Thursday, May 25, 2006

Entertainment can be stupid, huh?

There was a review of the dvd, Cracking the Da Vinci Code, in the last week's Friday's Turun Sanomat by Kari Salminen who's well known as the connoisseur of all things popular. He starts whining about people who attack everything that's popular. He says that to these people the most dangerous opponent would now seem to be Dan Brown's book. Criticizing it is cool, Salminen says. He says that it's no good as a piece of prose, but on the other hand, a vacuum cleaner makes a bad umbrella. Salminen goes on to say that The Da Vinci Code doesn't try to be art, it's just fiction and entertainment, and shouldn't be considered in the context of quality.

Say what? Who says that entertainment shouldn't be criticized for being bad? What's the point in that?

This is something I've detected in the last few years. The thought that entertainment doesn't have to be intelligent and well-done has been creeping in for at least a decade now. This is true especially in the case of Brown's novel, but it's also evident in the film critique nowadays. You can get away with almost everything saying: "Hey, it's only entertainment! Just leave your brain to the hat check girl and enjoy the bangs and tits!"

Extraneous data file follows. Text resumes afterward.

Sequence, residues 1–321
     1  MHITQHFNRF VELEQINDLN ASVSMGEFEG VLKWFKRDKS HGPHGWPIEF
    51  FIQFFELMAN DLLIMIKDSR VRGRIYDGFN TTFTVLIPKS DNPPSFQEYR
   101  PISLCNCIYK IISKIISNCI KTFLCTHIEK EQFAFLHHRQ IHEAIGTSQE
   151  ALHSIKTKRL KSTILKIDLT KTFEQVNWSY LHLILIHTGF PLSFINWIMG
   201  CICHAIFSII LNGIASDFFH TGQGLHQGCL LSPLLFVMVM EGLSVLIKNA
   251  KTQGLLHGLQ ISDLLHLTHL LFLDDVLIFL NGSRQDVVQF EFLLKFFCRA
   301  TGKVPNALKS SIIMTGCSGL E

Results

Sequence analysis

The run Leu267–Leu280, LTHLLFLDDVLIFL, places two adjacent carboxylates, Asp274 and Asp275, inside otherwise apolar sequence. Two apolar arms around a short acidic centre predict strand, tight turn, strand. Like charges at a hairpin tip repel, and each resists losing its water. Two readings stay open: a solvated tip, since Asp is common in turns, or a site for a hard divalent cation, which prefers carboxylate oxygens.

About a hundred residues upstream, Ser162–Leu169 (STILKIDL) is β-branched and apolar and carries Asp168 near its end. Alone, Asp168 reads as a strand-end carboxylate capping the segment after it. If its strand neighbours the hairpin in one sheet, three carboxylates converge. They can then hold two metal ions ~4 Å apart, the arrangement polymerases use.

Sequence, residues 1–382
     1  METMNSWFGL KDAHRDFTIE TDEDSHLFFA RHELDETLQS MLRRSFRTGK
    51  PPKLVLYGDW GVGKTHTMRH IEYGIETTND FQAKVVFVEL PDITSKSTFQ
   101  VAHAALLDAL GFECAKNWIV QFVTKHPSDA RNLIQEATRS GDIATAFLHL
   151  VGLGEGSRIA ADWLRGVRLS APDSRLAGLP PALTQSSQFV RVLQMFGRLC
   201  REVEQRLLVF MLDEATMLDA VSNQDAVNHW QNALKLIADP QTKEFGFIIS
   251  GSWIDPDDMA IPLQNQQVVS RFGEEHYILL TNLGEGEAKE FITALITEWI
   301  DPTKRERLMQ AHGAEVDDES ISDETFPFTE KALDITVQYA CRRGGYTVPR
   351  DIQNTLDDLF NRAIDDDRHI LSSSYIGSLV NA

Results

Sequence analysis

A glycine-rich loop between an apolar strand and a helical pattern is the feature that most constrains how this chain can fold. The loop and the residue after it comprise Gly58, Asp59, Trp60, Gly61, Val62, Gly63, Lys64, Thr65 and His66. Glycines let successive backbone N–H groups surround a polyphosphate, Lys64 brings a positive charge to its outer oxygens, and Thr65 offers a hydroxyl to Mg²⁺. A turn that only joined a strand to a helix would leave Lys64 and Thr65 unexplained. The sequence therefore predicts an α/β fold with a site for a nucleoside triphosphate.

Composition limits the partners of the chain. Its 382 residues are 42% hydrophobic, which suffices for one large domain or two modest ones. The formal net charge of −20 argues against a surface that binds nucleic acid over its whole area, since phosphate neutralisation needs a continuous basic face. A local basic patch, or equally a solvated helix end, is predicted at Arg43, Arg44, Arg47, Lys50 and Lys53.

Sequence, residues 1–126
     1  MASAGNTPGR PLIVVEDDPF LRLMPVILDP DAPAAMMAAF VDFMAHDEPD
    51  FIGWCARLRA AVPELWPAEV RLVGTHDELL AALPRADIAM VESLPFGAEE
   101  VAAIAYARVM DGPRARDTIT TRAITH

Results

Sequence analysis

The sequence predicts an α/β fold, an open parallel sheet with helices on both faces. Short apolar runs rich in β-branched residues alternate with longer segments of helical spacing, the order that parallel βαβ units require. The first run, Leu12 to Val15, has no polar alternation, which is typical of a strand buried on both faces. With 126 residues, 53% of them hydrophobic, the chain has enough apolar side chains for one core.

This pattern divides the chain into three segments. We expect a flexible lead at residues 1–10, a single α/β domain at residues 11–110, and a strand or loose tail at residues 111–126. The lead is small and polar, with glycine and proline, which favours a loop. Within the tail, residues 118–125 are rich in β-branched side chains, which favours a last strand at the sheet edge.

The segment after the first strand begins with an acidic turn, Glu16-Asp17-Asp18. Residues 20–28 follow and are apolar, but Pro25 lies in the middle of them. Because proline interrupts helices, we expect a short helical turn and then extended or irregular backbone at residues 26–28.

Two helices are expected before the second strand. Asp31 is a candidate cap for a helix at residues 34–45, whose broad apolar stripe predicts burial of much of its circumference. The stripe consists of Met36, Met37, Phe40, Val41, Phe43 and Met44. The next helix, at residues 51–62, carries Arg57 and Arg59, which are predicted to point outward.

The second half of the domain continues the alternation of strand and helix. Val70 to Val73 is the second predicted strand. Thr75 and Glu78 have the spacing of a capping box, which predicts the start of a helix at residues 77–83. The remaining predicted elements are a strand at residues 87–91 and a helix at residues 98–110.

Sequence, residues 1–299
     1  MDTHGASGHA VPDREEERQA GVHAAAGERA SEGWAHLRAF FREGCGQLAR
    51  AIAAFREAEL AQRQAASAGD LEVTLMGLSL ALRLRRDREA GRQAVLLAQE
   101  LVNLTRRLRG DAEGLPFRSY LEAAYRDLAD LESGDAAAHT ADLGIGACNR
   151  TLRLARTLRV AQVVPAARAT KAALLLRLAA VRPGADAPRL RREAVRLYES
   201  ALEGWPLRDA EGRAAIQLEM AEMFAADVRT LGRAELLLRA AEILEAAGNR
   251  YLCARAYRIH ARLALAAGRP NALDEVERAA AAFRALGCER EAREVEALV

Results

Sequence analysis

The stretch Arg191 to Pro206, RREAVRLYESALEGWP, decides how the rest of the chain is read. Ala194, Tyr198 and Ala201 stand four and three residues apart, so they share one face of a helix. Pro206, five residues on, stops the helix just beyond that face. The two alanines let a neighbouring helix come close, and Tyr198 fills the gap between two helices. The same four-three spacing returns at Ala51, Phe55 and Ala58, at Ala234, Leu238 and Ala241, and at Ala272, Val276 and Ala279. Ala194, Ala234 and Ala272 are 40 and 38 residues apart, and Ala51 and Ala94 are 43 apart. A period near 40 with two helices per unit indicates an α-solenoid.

Entertainment is never just entertainment, that much should be clear to anyone. If this is too tough for you, you should at least want some sort of intelligence, charm, wit - all that stuff that is missing from the Brown doorstopper (and most of the bestseller thrillers and Hollywood films nowadays). There's not much depth in, say, Howard Hawks's film comedies, but they are at least intelligent and certainly don't insult the viewer or imply he's just a moron.

PS. It's weird that Salminen defends popular culture in the time that celebrates popular culture. He's always mocking the people who are all for high culture and high-brow stuff and seems to be saying that these people cannot be sincere and true, whereas everyone who likes, say, the reality television is always sincere and true. Just as Salminen says that the high-brow folks need their Da Vinci Codes they can mock, he himself seems to need the high-brow folks he can mock. To me, this seems to be a waste of energy, the lover of all things pulp though that I am.

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